Exposure rates of the Dorval Asset Management Range – 7th May 2021

Jerome Powell had cautioned that he would take all the time needed to assess the extent of the recovery under way on the labor market. April’s surprising figures – with unemployment rising to 6.1% vs. 5.8% expected (cf. chart 1) – demonstrate that it will indeed take some time to get a clear idea on job stats, even though the economy’s overall trend is extremely clear and positive.

US job stats do not yet show all effects of reopening and support programs

Unemployment rate / Total jobs


According to April’s job report, the US economy is still missing over 8 million jobs compared to the pre-pandemic period. These figures may look surprising, as other indicators – such as household confidence and business surveys – point to a very clear improvement in the job outlook (cf. chart 2). The pandemic crisis may have curtailed the relevance of statistics’ seasonal adjustment factors, while it is also possible that generous unemployment cover is slowing workers in returning to the job market and that sectors most affected by the Covid situation have not yet sufficiently opened.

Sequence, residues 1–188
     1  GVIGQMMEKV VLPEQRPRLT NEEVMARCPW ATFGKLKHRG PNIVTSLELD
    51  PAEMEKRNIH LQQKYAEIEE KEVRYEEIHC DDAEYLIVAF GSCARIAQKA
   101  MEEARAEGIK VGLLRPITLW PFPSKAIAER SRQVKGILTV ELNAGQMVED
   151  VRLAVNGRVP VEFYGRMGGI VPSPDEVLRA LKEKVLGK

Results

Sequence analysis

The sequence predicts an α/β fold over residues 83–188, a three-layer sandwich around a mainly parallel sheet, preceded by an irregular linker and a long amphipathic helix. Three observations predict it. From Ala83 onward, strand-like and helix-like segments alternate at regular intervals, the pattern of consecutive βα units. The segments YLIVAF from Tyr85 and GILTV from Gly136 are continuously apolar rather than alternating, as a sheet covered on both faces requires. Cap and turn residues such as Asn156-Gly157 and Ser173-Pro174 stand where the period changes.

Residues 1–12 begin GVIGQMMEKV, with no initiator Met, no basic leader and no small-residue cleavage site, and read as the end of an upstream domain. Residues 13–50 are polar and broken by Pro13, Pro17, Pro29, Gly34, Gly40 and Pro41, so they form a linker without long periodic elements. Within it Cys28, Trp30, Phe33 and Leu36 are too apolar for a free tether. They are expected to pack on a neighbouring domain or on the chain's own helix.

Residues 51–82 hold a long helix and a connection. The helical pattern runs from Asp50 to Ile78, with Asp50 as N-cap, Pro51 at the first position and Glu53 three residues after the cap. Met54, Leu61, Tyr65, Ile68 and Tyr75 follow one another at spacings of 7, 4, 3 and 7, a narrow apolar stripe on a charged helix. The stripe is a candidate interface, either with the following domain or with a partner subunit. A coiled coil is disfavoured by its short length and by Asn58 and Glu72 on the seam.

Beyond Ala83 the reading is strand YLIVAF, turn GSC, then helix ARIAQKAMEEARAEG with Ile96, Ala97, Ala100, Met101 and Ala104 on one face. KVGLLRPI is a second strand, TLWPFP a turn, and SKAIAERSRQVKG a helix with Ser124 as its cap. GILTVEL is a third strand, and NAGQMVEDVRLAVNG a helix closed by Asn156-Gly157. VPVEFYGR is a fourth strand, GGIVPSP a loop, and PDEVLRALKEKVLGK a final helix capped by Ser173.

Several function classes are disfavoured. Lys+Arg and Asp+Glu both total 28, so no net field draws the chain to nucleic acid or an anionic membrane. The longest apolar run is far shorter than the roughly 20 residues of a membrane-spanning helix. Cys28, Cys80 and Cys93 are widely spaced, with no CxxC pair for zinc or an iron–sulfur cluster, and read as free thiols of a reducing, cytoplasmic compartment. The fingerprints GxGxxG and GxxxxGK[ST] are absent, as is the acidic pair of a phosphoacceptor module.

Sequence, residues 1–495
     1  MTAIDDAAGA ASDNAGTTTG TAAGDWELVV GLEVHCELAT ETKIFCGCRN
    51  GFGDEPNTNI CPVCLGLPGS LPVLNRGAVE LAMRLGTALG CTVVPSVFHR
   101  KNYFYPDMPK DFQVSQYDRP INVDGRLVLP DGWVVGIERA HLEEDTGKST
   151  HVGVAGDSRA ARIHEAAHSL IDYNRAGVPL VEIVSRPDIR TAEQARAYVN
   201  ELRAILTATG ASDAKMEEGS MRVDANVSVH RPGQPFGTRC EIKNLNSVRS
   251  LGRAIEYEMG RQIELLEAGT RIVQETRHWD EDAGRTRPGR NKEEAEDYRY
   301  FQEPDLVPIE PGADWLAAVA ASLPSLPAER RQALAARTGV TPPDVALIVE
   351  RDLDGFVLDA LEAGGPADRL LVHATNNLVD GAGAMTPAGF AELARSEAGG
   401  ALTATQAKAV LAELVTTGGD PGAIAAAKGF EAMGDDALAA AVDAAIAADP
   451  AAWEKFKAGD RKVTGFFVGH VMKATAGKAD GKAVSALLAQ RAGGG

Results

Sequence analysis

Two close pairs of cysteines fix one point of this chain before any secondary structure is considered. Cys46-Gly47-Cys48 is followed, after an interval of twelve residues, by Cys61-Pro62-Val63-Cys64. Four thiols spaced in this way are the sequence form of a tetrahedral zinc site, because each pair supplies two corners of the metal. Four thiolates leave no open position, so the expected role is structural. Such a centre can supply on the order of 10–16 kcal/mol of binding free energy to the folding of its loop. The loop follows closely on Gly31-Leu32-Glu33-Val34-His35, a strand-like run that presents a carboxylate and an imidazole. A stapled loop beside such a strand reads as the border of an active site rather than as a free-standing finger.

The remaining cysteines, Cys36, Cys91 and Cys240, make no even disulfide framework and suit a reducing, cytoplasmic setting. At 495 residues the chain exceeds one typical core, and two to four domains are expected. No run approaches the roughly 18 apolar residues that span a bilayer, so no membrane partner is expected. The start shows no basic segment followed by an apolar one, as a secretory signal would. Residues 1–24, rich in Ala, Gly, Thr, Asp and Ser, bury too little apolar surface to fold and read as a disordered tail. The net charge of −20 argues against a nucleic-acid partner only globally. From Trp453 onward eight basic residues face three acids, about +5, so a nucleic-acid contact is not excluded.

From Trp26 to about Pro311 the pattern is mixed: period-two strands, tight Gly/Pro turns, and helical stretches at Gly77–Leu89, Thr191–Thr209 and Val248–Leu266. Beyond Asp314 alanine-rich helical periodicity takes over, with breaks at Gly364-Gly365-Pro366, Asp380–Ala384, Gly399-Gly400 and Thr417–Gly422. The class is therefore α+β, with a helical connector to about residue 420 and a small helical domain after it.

US households observe clear improvement on labor market
Conference Board consumer survey

Jobs easy to get / Jobs hard to get


While these disappointing figures should be followed by much more upbeat stats over the months ahead, they lend further credence to central banks’ patient stance. The Bank of England offered further evidence of this on Thursday May 6, when it sharply upgraded its outlook for growth, jobs and inflation for the short term, but with no immediate impact on policy. The bank believes that the British economy has a stronger ability to expand without inflation running away than it expected previously, and it therefore slightly downgraded its medium-term inflation projections (cf. chart 3). 


Bank of England’s inflation projections


Moderate US job figures and the overall attitude from central banks ward off fears of an abrupt surge in long-term rates, thereby shoring up the equity markets. We maintain our market exposure rate and continue to invest in the theme of reopening of sectors most affected by the Covid crisis, as well as industries set to benefit from green deal programs.



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